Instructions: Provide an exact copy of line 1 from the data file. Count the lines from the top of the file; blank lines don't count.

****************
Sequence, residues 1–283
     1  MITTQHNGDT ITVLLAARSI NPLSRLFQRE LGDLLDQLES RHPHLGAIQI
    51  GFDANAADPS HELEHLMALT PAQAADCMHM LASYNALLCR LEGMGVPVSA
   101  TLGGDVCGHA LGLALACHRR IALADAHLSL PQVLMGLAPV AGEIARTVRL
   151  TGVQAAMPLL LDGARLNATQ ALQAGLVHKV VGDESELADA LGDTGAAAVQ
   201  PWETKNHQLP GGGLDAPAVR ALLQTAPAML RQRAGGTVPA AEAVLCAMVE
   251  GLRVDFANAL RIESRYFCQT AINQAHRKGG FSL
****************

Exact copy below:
Sequence, residues 1–283